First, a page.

In four weeks, Red Deer city council will be reviewing options on where Safe Harbour’s temporary homeless shelter can be relocated so it doesn’t hamper downtown businesses. (Photo by Lana Michelin/Advocate staff)

In four weeks, Red Deer city council will be reviewing options on where Safe Harbour’s temporary homeless shelter can be relocated so it doesn’t hamper downtown businesses. (Photo by Lana Michelin/Advocate staff)

Red Deer city council intends to review options for shelter’s relocation

Adminstrators have four weeks to return to council with a report

In four weeks, Red Deer city council will review options on where Safe Harbour’s temporary homeless shelter can be relocated so it doesn’t hamper downtown businesses.

Councillors directed administration to come up with next-step options for relocating the downtown homeless shelter out of the downtown. But they had trouble agreeing on a definition of ‘downtown’ at a special meeting held on Wednesday.

Coun. Vesna Higham attempted to exclude potential sites in all of the greater downtown area, and not just the historic downtown, Railyards and Capstone areas.

But most other councillors thought this would be too limiting. Coun. Lawrence Lee spoke for the majority by saying he wanted to be open-minded and see all available options.

Coun. Tanya Handley also went along with this — but cautioned administrators that she would not be supporting any sites that just move the shelter over by a few streets: “Why are we doing this if we are going to move it three to four blocks?”

City administrators were asked to bring back a report in four weeks with various potential sites for relocating the shelter from the former Cannery Row Bingo building.

The report is to include the cost and timing, and be done in collaboration with the shelter service provider, Safe Harbour.

The pandemic is not over — so it’s important to have a safe space for the city’s vulnerable population, cautioned Sarah Tittemore, general manager of community services for the city.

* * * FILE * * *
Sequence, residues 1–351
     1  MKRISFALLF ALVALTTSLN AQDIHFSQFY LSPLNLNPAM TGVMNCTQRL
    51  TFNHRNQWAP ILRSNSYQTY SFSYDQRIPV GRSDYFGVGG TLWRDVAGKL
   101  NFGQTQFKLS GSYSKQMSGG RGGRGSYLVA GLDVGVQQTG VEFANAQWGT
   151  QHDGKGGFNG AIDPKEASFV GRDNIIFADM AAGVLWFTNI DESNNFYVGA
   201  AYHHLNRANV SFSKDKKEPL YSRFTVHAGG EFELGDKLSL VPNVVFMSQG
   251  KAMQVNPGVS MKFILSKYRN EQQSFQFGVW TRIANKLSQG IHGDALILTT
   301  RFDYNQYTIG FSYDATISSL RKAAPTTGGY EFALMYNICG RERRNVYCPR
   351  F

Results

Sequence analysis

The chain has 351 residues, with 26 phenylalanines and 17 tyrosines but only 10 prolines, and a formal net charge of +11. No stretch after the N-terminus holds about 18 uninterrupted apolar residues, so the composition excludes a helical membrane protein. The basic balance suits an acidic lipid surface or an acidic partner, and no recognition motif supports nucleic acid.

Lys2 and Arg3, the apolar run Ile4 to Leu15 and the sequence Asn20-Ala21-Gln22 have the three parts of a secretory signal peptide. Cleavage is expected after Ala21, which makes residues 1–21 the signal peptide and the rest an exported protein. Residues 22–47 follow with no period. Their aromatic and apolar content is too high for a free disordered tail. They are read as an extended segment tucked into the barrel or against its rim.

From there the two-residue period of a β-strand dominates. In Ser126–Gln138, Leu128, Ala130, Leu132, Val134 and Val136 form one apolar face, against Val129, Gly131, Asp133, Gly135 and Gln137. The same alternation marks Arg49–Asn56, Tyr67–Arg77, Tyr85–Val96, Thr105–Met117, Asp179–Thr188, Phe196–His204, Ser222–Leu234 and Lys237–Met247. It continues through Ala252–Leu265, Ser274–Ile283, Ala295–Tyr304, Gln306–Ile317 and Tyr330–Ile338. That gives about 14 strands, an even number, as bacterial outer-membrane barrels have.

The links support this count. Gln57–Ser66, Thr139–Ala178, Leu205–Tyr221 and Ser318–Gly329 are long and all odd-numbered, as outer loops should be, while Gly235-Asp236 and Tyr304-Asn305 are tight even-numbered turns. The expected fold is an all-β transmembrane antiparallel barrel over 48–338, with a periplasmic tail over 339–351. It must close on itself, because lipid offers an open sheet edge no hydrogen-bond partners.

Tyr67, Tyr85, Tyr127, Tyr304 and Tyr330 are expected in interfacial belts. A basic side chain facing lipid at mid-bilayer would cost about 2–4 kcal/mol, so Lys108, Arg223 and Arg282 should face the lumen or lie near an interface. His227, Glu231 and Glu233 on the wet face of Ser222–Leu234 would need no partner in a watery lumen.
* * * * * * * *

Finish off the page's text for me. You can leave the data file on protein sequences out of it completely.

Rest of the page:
She noted a viral outbreak at the Cannery Row temporary shelter was able to be contained because it is large enough for proper distancing, but 43 contagious individuals are now in isolation.

City manager Allan Seabrooke told councillors that Safe Harbour and the province still have the right to pick their own site, as long as it’s zoned for public service. In that case, council would have no input on where it goes.

But if a rezoning is needed for a new location, Seabrooke said councillors will have to extend the May 31 deadline for the shelter to leave the Cannery Row site beyond the two months specified at council’s March 29 meeting.

The temporary shelter was established at the former Cannery Row site at 5239-53 Ave., a year ago to provide homeless sleepers with more space after the pandemic began. A 12-month license was approved.

But a permanent homeless shelter, promised to Red Deer by the province, won’t be built for two to three years.

Most councillors, who read 25 letters received from area businesses complaining about chronic crime and social disorder from some shelter clients, were against allowing the temporary shelter to remain at Cannery Row for that long.

But Safe Harbour stated earlier this week that a two-month deadline for relocating was not enough time to find a new site outside the downtown and go through a municipal rezoning process.

On Wednesday, council heard that if the Cannery Row location closes before another shelter site is found, 40 people would likely be sleeping in doorways or parks as there’s not enough overnight sleeping space at Safe Harbour’s existing site at 5246-53 Ave.— a block from Cannery Row.

As well, there would no daytime warming space, which is now used by 60 to 100 homeless people.

While providing homeless shelters is a provincial responsibility, councillors agreed that the City of Red Deer has “a jurisdictional and moral obligation” to provide safety and security to all citizens — especially the most vulnerable.

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